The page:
WASHINGTON — President Trump declared Wednesday that North Korea is “no longer a nuclear threat” to the United States even though the two sides had yet to forge a concrete disarmament plan and offered incomplete accounts of what they agreed to during this week’s summit meeting in Singapore.
Rejoicing in the glow of a historic encounter, Mr. Trump returned to Washington and portrayed his agreement with Kim Jong-un, the North Korean leader, as a signal achievement that meant that the outcast state was no longer the United States’ most dangerous problem. But the path to disarmament remained no clearer a day after the meeting.
North Korea’s state-controlled news media described a step-by-step process to dismantle its nuclear weapons, with the United States rewarding it at each stage, something Mr. Trump has seemed to reject in the past. Mr. Trump’s team insisted that North Korea had agreed to an intrusive inspection regime even though Pyongyang made no mention of that.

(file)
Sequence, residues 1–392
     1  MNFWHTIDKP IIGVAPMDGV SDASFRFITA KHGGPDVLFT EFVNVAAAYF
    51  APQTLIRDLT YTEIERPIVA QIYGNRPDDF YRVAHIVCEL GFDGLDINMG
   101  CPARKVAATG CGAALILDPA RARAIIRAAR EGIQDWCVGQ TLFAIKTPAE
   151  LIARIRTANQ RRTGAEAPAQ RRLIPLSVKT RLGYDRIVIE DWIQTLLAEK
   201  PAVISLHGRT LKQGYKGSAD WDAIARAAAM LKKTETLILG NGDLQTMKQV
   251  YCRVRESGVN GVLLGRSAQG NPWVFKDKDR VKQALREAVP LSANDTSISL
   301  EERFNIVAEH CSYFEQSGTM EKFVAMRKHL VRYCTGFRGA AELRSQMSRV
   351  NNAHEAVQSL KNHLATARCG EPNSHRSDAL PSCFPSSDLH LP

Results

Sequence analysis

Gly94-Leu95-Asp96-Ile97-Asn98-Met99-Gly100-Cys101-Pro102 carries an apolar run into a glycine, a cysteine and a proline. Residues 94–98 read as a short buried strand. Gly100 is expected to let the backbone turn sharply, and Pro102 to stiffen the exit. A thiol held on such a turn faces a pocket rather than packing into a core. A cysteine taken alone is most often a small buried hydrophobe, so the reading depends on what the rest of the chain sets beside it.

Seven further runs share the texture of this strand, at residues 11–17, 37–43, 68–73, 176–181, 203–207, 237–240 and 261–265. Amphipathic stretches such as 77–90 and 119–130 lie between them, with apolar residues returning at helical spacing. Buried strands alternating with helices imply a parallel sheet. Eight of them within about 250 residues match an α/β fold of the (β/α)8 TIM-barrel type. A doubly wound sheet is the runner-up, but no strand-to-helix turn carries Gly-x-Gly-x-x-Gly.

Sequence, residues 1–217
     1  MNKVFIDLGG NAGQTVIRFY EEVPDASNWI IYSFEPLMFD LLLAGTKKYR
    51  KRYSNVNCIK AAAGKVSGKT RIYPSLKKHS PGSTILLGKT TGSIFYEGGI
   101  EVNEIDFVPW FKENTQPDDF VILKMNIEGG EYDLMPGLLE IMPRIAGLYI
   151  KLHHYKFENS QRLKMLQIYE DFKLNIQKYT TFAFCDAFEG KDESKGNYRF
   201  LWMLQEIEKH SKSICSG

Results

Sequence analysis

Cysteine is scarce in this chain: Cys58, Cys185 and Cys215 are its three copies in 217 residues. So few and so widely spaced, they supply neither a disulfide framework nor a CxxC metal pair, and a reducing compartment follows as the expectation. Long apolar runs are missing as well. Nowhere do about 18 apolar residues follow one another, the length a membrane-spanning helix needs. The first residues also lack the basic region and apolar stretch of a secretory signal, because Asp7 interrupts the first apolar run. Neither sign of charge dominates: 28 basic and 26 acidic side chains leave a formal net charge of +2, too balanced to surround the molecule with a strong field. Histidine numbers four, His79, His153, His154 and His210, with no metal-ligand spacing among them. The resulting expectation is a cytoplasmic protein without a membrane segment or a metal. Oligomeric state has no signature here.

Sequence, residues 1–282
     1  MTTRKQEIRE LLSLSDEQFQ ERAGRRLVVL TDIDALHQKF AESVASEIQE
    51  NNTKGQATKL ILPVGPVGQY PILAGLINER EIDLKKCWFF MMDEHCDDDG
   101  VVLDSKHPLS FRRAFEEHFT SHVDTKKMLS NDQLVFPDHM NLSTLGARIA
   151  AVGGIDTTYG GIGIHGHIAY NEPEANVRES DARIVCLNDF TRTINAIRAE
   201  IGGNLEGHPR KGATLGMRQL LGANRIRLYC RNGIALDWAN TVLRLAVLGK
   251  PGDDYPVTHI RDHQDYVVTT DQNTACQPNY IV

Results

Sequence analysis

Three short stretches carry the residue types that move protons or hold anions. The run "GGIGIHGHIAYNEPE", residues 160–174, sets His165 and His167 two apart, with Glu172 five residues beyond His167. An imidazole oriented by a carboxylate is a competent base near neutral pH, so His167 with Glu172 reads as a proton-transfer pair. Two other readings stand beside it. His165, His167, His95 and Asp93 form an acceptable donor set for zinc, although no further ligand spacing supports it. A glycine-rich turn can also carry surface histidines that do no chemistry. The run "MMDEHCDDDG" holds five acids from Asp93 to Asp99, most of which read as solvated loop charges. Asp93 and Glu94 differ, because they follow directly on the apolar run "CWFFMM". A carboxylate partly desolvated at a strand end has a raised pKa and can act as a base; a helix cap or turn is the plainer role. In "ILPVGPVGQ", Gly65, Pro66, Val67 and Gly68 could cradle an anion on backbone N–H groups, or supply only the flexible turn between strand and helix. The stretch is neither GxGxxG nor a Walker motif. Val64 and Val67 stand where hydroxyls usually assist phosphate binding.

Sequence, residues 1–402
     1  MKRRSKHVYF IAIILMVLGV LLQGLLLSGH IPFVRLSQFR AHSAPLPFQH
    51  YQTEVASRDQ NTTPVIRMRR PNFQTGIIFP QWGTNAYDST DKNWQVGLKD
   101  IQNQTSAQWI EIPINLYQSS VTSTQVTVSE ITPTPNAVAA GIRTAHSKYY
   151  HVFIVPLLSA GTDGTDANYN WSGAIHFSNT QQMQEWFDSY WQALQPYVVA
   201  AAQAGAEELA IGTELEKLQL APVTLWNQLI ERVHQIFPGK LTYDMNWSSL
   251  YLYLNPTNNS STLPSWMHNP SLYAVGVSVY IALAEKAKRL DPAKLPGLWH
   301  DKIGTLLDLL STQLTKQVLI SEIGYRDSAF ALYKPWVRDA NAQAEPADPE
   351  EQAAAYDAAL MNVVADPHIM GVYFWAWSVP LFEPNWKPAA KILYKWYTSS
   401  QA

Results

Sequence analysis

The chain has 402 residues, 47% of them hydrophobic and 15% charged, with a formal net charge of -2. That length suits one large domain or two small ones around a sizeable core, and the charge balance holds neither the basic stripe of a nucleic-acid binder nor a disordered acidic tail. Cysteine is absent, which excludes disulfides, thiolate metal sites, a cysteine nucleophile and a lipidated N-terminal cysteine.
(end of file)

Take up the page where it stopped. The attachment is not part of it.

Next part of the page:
The confusion stemmed from a joint statement that was long on lofty language and short on specifics. Signed Tuesday with a flourish by Mr. Trump and Mr. Kim, the statement offered more aspiration than action, clocking in at only 391 words.
intrusive /ɪntrúːsɪv/ に注目しました。『ジーニアス英和辞典第5版』(大修館) によると「押しでがましい、お節介な、でしゃばりな」といった意味があります。次に『ケンブリッジ英英辞典』をみてみると “affecting someone in a way that annoys them and makes them feel uncomfortable” あるいは “being involved in a situation where you are not wanted or do not belong” と定義されていて、当人が望んでいない所で何か行動を起こしその人を不快な気持ちにさせたりいらいらさせたりする様を表していると窺えます。